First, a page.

Imagine you’re a scientist in some sci-fi alternate universe, and you’ve been charged with creating a boot camp that will reliably turn normal but ambitious people into broken sociopaths more or less willing to do anything.
There are two main traits you’d want to cultivate in your recruits. The first would be terror: You’d want to ensure that the experimental subjects were kept off-balance and insecure, always fearful that bad things would happen, that they would be humiliated or lose their position and be cast out. But at the same time, it would be crucial that you assiduously inculcate a towering sense of superiority, the belief that the project they happen to be engaged in is more important than anything and that, because of their remarkable skills and efforts, they are among the select few chosen to be a part of it. You’d want to simultaneously make them neurotically insecure and self-doubting and also filled with the conviction that they and their colleagues are smarter and better and more deserving than anyone else.
He’s writing about young investment bankers, whose lives, such as they are, are described in Kevin Roose’s new book “Young Money.” But doesn’t this boot camp actually describe the Ph.D. experience pretty well? And if so, why aren’t math professors sociopaths?
I can think of one reason: in finance, the thing you are trying to do is screw over somebody else. If you win, someone has lost. Mathematics is different. We’re all pushing together. Not that there’s no competition; but it’s embedded in a fundamental consensus that we’re all on the same team. Apparently this is enough to hold back the sociopathy, at least for most of us.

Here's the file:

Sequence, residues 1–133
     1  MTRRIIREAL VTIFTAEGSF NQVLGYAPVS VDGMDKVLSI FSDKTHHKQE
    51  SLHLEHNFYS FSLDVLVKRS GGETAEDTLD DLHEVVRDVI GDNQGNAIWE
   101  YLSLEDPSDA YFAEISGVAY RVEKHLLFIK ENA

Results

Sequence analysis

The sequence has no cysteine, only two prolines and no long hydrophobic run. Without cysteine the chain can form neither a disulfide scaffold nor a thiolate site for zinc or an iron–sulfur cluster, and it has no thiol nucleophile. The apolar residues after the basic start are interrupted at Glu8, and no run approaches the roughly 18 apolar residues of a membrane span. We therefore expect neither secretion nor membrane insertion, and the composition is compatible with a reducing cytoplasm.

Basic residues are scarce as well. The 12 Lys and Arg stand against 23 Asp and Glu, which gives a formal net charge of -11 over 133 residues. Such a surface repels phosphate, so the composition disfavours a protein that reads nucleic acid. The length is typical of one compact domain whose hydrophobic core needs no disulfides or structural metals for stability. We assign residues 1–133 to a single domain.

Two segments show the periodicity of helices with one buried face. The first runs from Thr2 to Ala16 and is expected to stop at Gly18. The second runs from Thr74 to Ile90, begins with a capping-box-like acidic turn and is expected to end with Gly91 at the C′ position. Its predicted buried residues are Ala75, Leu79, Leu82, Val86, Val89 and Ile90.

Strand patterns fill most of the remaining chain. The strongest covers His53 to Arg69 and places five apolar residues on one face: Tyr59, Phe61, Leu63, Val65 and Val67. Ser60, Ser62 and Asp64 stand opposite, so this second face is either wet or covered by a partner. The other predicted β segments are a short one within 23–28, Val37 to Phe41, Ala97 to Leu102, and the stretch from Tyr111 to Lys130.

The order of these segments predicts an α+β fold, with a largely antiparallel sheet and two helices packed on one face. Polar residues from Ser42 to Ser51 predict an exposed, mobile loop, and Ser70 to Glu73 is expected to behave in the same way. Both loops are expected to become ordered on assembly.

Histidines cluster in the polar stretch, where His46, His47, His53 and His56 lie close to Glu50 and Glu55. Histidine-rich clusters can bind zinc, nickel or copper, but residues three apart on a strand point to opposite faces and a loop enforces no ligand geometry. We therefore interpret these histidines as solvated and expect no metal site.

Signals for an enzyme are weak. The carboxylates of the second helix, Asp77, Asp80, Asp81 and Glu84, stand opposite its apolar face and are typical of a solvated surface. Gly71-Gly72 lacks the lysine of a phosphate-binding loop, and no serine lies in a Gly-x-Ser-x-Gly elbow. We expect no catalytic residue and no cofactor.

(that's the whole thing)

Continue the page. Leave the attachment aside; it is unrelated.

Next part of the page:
How do you know we aren’t? And we *are* competitive. Priority matters a lot.
This sounds a lot like (although more extreme than) what this NYT op-ed piece claims distinguishes successful people in general.
Good catch! I agree, the depiction is similar.
b/c the premise is wrong? haven’t read the book (though i did read ‘the psychopath test’ by the ‘the men who stare at goats’ guy), but i don’t think you create sociopaths. my guess is there are certain places where sociopaths thrive and that is not in mathematics. sociopathy gives you an advantage in areas where your actions negatively affect other people (and where hurting/manipulating others helps you), but probably not in academic research.
Reminds me of Paul Graham’s recollections of high school:
Although my experience was not so bleak, I found it to be very entertaining reading. He argues that this kind of behavior emerges in communities where people are more concerned with their status than with external goals.
That said, I suppose that this is not true of finance: not only is finance quite consumed with a single external goal, it is easy to measure.
I agree with piper that it is more about sociopaths are successful in such environment rather than creating sociopaths. In any case, most mathematicians know that there are quite a few mathematicians that are smarter than them. So they are reasonably modest about their abilities. Furthermore, to do mathematics you have to fail, a lot. This is probably not so attractive to sociopaths.
What Piper said. Sociopaths are probably set up such much earlier in their lives.
Made into such, I mean. Darn “Enter” key!
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Not at all, but a nice cheap shot nonetheless.
Where is the evidence that math professors aren’t sociopaths?